May moved very quickly after the Brexit result to make a secret deal with Nissan and they seemed reassured. There is considerable speculation as to what was promised. Many in Newcastle felt that Sunderland voting Leave was like “turkeys voting for Christmas” and the Sunderland plant will certainly be a bellwether to watch. Its loss would be as disastrous for the region as Bombardier’s closure would be for NI.

  • Karl

    The DUP are facilitating this nonsense despite NI being the region that will be most adversely affected.
    What exactly is the ‘lunatic’ Corbyn going to do that could possibly be worse that what ‘strong and stable’ May is doing right now?

  • Brian Kann

    And yet, there are the ten DUP MPs, representing NI’s serious and unique concerns, by voting against an amendment requiring approval in the develoved assemblies for their Tory masters. I would hope people remember this, but in this place, I doubt it.

    I suppose the flip side is what difference would it have made? Welsh, Scottish and NI MPs hold around 15% of votes and have been overriden from day one on this. You say “our country” but our fate is in hock to English interests and there’s no pretending otherwise.

  • hgreen

    And you were going so well until you mentioned Corbyn. Hyperbolic nonsense. The danger comes from people like JRM, Fox, Gove, BJ and Redwood as well as the DUP.

  • MainlandUlsterman

    In Northern Ireland, he just doesn’t understand the place even in the most rudimentary terms, as he is rather, shall we say, “intellectually unexceptional”. He will do what he can to help his hardline Irish Republican pals and could try to impose some form of joint authority with Dublin in the absence of the executive. Need I point out, that abrogation of the NI’s right to self-determination would cause an acute constitutional crisis – it would be trying to turn the GFA into the Anglo-Irish Agreement of 1985. It would be opposed by the entire unionist population. Corbyn in charge is bad news for the stability of NI, whether you’re unionist or nationalist.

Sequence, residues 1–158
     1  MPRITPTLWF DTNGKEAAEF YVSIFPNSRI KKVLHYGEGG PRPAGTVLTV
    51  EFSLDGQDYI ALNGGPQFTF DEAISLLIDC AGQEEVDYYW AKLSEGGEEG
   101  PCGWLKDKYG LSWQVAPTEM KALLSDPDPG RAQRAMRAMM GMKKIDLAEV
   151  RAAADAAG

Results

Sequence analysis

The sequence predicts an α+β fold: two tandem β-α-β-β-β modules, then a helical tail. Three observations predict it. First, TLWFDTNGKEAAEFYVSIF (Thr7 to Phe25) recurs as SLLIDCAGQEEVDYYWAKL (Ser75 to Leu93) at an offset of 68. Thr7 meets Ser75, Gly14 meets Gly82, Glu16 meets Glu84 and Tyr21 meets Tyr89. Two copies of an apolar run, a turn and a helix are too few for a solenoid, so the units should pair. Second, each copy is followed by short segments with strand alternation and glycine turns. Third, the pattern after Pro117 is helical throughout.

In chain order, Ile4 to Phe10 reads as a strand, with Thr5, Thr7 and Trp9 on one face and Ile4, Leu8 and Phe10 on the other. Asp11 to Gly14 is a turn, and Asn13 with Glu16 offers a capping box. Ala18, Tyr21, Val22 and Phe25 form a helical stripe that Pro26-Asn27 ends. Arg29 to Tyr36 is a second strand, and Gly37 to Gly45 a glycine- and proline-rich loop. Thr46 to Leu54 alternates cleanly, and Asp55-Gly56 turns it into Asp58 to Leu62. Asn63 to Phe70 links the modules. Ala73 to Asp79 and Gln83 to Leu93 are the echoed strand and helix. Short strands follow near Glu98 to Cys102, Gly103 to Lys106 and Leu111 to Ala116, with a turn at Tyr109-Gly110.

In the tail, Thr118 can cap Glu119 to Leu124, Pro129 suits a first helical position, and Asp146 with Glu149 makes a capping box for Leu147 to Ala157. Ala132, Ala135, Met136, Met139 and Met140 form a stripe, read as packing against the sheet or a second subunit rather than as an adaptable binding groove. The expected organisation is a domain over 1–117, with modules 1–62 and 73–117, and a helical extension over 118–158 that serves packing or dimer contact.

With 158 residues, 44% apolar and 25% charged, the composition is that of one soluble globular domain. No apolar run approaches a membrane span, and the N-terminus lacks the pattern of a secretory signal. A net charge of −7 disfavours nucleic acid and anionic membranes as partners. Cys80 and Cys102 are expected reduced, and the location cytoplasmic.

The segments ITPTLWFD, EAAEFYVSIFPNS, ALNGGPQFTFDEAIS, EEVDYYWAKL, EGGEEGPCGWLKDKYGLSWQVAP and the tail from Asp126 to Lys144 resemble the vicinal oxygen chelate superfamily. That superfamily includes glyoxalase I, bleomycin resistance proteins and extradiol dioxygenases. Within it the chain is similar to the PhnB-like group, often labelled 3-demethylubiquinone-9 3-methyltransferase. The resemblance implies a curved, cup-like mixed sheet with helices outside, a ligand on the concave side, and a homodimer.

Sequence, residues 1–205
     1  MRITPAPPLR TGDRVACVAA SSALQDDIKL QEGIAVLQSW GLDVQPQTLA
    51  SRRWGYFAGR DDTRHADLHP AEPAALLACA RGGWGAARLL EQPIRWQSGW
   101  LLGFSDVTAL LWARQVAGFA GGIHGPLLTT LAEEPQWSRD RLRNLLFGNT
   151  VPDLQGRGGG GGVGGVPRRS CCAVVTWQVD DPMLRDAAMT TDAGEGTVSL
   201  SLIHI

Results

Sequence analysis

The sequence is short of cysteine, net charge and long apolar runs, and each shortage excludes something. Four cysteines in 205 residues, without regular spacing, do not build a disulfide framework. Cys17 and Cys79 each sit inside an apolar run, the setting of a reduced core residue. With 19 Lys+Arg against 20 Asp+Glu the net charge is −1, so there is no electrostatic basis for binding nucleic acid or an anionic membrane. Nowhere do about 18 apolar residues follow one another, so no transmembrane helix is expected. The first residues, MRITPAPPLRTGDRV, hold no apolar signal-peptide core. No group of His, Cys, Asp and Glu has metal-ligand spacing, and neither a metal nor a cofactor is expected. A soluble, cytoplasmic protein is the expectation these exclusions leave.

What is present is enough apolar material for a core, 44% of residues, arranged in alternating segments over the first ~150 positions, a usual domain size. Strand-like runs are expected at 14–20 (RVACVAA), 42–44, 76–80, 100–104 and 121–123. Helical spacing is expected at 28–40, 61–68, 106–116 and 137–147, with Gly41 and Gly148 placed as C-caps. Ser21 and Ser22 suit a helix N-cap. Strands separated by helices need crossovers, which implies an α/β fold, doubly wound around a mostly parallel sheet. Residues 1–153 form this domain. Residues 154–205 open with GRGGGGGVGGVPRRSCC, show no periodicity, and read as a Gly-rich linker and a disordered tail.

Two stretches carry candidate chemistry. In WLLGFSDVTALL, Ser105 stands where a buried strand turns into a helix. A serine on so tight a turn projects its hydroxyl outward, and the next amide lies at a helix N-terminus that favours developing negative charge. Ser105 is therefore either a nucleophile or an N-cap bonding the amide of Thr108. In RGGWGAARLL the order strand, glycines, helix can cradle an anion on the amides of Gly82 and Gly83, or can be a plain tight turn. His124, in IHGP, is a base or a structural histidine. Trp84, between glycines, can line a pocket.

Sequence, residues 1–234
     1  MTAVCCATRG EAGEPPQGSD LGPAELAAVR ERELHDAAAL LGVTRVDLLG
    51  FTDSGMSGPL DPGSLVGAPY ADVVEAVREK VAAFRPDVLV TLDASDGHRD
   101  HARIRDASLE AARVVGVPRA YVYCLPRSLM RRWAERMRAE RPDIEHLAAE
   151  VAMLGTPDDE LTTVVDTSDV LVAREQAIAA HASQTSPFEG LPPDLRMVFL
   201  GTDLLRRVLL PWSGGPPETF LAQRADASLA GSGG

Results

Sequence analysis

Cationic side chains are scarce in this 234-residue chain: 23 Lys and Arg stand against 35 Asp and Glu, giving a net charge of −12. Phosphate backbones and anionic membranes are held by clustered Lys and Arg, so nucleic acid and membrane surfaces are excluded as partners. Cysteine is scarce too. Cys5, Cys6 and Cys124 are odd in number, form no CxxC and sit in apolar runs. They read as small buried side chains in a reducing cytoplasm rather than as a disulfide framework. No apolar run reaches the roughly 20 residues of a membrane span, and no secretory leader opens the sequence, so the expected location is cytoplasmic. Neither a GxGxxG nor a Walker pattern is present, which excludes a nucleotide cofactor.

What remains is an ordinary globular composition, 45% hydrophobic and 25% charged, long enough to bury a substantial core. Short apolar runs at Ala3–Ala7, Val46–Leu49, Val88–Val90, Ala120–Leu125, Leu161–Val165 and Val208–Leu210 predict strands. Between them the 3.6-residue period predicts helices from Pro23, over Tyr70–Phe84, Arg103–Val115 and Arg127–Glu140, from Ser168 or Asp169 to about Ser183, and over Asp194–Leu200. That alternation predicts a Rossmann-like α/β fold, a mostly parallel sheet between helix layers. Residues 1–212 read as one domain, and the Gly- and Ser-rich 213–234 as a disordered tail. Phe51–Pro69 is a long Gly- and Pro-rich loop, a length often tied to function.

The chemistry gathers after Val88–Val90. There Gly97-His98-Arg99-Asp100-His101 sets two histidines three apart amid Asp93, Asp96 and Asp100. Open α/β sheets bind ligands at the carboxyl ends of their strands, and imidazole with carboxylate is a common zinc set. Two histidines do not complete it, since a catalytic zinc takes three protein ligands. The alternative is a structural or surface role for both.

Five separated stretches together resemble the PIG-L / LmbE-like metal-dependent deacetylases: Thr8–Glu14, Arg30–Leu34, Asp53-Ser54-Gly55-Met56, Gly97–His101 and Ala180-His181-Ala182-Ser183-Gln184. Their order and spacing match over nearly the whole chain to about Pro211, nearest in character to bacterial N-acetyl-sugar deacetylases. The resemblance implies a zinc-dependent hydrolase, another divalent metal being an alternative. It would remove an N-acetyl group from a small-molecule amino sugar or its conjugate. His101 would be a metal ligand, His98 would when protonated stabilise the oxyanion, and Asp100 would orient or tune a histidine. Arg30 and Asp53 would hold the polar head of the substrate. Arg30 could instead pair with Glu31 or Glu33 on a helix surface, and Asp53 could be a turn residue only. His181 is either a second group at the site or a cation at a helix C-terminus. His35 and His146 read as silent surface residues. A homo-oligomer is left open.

The other lunatic aspects of Corbyn are his approach to terrorism generally, his Russia-friendly foreign policy, his instinctive Euroscepticism, his lack of understanding of business and the economy, his willingness to downgrade our defence capability, etc etc. His wing of Labour might be flavour of the month at the moment, but they are the kind of Labour that if they get power, won’t be in it for long – they will consign Labour to the wilderness for a generation through their incompetence, lack of intellectual ability and economic recklessness.

    As a non-Corbyn Labour supporter, these really are pretty dire choices we currently have in politics, because the Tories are an equally shambolic disgrace and are also being driven towards daft decisions by their hardliners. How bad are things going to get before a strong centrist coalition emerges? I see no quick prospect of such a rescue.

  • Nordie Northsider

    I always thought that the ‘Project Fear’ catch call is deeply silly. Politicians have a right, even a duty, to point out negative consequences arising from political decisions.

  • Brian O’Neill

    Here is a crazy idea why don’t you debate the points?

    Are you saying Honda are making it all up and you know more about making cars than they do?

  • MainlandUlsterman

    that’s divide and rule though Brian – the country is the UK, not England. There are no “English interests”, in political reality, as England does not operate as a unit in that sense – only British interests. All MPs are entitled to think of their own constituents as well as the national interest, English MPs as much as anyone else in the national parliament.

    This stuff some seem to believe about the dominance of ‘English nationalists’ – Fintan O’Toole is a prime example – is misconceived. The most ardent Brexiteers are nearly always also believers in keeping the UK together. There is an annoyance with separatists, yes. And a few, especially those on the right who are less educated and who are semi-detached from Westminster politics, react by saying f*** them all then, they can have their independence. But these people are still quite marginal and are certainly not in the mainstream even of Tory opinion. The right is UK unionist, they are not motivated by wanting the UK to break up.

  • hgreen

    You are just making stuff up. You really are fake news. Unlike yourself thankfully the British electorate didn’t buy this reheated Daily Mail claptrap.

    Back in the real world, outside your head, we have the Tories and the DUP actually putting the GFA at risk.

  • MainlandUlsterman

    Sadly there are big dangers on both extremes – Labour is in the grip of irresponsible, arrogant hardliners as much as the Tories are.

  • hgreen

    Care to elaborate on some of these hardline Labour policies? I saw a pretty acceptable middle of the road manifesto presented by Labour at the last election.

  • Reader

    Brian Kann: Welsh, Scottish and NI MPs hold around 15% of votes and have been overriden from day one on this.
    Except that the NI MPs appear to be on the winning side of these votes.

  • Paracelsus